The duty of reasonable care includes the responsibility of the landowner not to create or maintain on his property hidden dangers, which a visitor would not see. Courts have also defined a “trap” as an artificially created, dangerous — but deceptively innocent instrumentality or condition on the land. The major distinction between a dangerous condition and a trap is that a trap is both deceptive in appearance and deliberately created or constructed by the landowner or his agent. For example, in Mayer v. Temple Properties, a landowner has found negligent and liable for injuries where a deep pit was covered with a flimsy material incapable of supporting the weight of a child, but which gave a deceptive appearance of safety. (more…)
It is well-established that a driver owes other drivers, pedestrians or bicyclists on the roadway a duty of reasonable care under the circumstances in the operation of his vehicle. This duty is established by common law (law created through past court decisions) and by statutory law (by the legislature), and broadly speaking embodies principles of common sense and the use of one’s good judgment when driving. When a motorist breaches this duty and causes injury to another, he faces being found to be negligent and may be liable for damages to fairly compensate the injured person.
One of the most common types of car accidents is the so-called “rear ender.” This involves the situation where one car strikes another car from behind, usually because the second driver was following too closely, travelling too fast, distracted or under the influence or alcohol or drugs. New York Vehicle and Traffic Law Section 1129 governs rear-end collisions, and provides that the driver “not follow another vehicle more closely than is reasonable and prudent, having due regard for the speed of such vehicles and the traffic upon and the condition of the highway.” We previously wrote about rear-end collisions, and invite you to learn more about this topic by reading this article. (more…)
New York law requires all property owners and those who possess or maintain such property (collectively referred to in this article as “property owners”) to exercise reasonable care under the circumstances to prevent harm to foreseeable persons who enter their property. This duty extends to all persons – from invited guests, to business patrons, and even to trespassers in some situations.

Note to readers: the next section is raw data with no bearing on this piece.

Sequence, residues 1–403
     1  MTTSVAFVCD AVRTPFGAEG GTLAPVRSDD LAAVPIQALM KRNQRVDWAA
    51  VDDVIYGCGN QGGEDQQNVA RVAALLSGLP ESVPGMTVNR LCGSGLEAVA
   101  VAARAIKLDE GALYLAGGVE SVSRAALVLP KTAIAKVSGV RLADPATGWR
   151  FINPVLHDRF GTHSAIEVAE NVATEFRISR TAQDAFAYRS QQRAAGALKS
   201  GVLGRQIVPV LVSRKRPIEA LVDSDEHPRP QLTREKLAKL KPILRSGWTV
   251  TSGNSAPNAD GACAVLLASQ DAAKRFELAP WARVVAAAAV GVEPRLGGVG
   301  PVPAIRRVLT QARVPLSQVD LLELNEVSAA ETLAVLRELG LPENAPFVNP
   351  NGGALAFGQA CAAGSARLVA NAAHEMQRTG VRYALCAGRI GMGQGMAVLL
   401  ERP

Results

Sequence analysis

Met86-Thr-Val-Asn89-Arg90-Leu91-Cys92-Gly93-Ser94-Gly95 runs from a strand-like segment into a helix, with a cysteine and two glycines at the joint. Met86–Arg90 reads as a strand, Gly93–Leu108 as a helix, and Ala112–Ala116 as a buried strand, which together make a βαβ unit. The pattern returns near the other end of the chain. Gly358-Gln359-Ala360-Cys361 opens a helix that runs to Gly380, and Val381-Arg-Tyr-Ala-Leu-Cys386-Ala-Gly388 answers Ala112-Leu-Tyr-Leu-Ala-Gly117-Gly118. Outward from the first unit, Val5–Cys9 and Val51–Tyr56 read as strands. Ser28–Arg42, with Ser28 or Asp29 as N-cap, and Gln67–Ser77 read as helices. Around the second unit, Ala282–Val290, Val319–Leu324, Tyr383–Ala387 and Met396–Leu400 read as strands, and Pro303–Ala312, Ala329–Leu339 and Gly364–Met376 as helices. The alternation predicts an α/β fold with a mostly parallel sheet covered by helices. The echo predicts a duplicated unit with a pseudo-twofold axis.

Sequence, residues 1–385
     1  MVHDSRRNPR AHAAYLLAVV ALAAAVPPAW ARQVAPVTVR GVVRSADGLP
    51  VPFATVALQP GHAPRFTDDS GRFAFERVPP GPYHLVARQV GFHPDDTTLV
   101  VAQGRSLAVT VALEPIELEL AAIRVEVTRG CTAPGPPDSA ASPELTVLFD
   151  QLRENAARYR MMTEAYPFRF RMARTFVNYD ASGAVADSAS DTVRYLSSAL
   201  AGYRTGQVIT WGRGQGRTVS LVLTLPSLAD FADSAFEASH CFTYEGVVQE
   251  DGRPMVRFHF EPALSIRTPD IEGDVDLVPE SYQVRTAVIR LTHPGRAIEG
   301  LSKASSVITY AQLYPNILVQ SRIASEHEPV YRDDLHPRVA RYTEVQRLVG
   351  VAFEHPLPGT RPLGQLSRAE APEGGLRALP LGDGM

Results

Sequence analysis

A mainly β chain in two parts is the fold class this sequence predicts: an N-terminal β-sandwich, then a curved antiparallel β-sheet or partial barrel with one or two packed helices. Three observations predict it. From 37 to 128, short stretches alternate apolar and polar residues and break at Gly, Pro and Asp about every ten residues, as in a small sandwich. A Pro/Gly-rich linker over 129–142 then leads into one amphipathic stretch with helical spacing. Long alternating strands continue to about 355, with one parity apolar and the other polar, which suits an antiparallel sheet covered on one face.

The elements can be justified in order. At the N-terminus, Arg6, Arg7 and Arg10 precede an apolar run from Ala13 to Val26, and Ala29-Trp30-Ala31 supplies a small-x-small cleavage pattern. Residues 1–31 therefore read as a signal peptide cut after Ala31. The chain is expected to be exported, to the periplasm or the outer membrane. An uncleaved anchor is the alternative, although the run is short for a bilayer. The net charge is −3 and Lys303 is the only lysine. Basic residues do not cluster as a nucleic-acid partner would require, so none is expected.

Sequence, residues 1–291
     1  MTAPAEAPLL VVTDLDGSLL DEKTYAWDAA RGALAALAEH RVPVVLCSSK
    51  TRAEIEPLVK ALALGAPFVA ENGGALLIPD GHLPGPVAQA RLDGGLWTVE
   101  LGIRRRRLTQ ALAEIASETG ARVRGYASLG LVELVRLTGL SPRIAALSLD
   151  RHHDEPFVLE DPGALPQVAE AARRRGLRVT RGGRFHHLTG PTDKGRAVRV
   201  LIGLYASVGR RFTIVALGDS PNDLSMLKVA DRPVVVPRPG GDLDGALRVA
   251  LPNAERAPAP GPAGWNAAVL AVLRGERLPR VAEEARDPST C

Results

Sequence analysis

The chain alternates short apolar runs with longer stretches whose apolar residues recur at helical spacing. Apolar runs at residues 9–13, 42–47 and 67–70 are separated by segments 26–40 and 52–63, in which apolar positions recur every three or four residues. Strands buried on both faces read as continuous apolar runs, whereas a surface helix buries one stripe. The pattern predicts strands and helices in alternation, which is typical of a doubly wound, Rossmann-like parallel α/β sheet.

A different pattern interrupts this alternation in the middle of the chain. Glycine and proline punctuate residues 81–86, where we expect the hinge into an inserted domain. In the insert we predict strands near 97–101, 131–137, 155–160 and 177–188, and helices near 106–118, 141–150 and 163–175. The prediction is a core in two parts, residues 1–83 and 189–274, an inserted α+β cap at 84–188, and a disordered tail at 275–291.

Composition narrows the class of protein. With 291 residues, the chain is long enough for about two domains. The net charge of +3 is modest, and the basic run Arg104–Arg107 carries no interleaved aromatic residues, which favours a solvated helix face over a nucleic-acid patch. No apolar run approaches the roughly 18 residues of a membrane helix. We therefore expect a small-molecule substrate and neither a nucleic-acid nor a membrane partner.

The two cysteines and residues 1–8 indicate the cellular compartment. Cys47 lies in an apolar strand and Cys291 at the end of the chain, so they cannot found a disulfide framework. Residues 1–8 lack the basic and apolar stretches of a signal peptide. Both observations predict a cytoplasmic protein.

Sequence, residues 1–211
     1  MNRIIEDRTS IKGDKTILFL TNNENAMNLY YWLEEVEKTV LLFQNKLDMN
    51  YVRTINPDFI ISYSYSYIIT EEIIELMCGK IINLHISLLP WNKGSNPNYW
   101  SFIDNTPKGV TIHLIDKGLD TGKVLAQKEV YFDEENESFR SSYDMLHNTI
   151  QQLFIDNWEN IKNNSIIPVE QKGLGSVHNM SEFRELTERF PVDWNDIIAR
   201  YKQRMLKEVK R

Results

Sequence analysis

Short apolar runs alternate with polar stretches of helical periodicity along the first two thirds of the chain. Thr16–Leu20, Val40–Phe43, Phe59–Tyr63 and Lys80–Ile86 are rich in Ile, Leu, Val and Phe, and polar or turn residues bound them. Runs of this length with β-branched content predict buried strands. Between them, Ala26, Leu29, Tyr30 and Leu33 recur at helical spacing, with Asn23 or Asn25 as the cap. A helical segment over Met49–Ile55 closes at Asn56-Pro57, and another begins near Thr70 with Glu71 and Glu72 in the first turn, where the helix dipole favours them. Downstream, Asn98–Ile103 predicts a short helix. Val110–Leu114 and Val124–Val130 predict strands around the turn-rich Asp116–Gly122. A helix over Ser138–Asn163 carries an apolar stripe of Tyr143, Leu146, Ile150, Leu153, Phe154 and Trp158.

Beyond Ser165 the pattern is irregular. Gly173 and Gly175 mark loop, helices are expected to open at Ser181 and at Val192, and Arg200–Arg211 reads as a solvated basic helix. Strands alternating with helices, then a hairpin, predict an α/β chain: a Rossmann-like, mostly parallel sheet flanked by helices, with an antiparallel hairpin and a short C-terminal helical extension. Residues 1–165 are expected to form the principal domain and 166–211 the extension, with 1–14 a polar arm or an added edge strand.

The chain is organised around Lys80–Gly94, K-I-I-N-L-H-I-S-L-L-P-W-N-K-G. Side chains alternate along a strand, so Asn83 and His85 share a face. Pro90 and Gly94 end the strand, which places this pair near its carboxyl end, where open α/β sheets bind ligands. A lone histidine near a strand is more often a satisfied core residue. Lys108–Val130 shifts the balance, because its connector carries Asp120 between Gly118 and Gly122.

The duty to prevent foreseeable harm includes the following:
If a property owner has either created the dangerous condition, or has actual knowledge or constructive notice of it (i.e., the condition has been present for such period of time that the owner had an opportunity to correct and failed to do so), he may be liable for injury occurring from a slip and fall as a result of the condition. (more…)
We have all done it and we have all been in a situation where another driver gestured for us to go ahead– signaling it’s safe for us to pull out, to make a turn, or to cross the street. It is something we encounter often—to be courteous–commonplace in our daily lives.
But what if the gesture is followed by an accident because it actually wasn’t safe for the person who followed the signal, and an injury occurs? Should the person who gestures be held liable because the other driver or pedestrian had a right to rely upon his motioning to proceed? Or is the gesturer not legally responsible because the decision to proceed was up to the other person? These are important questions and the answers may surprise you.
It is settled law that in traffic the party who does not have the right-of-way has the duty to yield or stop for traffic which has the right-of-way. A basic example– a driver going straight has the right-of-way at an intersection where another driver desires to make a left-turn across his lane of travel. Now assume that the driver with the right-of-way gestures for the other driver to make his left hand turn, not realizing that another car, proceeding in the lane next to the gesturing driver, is approaching the intersection and then collides with the driver making the left hand turn. Who is legally responsible for the accident? (more…)
Property owners and those who maintain property (referred to in this article as “property owners”) owe all persons on their property a duty of “reasonable care” under New York law. This means that the owner must take maintain the premises to prevent foreseeable harm to persons who come upon his land. While historically the rights of the injured person depended upon his “status” (i.e., invitee, trespasser, etc.), as a result of the 1976 decision by New York’s highest court—the Court of Appeals—in Basso v. Miller a more flexible standard allows the jury to determine what is reasonable- there are no longer categories of users that define the standard of care owed based upon their “status.”
The duty to use reasonable care extends throughout the entire property, including to outside stairs, porches, or similar areas. The failure to do so may expose the property owner to legal liability for injuries that result from an Albany trip and fall occurring on outside stairs, the subject of this blog.
The property owner must maintain outdoor stairs to be free of defects that he knows or should know about based upon a reasonable inspection of the premises. This means that such things as visible cracks in stairs that could cause a fall, or that should put the owner on notice that it could collapse, a broken handrail, debris on the stairs, worn out or loose coverings (eg. Carpet, friction strips, etc.), risers not conforming to code, or other similar defects must be repaired. Further, in the winter—the presence of ice or snow that isn’t removed or properly treated may also create liability for the property owner. (more…)